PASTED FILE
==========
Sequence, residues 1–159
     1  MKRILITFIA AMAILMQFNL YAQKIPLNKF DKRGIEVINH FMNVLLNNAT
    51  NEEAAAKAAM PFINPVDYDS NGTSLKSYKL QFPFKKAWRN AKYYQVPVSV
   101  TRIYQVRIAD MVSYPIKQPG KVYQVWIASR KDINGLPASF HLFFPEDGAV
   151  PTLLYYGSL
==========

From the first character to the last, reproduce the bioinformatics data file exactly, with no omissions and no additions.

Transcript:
Sequence, residues 1–159
     1  MKRILITFIA AMAILMQFNL YAQKIPLNKF DKRGIEVINH FMNVLLNNAT
    51  NEEAAAKAAM PFINPVDYDS NGTSLKSYKL QFPFKKAWRN AKYYQVPVSV
   101  TRIYQVRIAD MVSYPIKQPG KVYQVWIASR KDINGLPASF HLFFPEDGAV
   151  PTLLYYGSL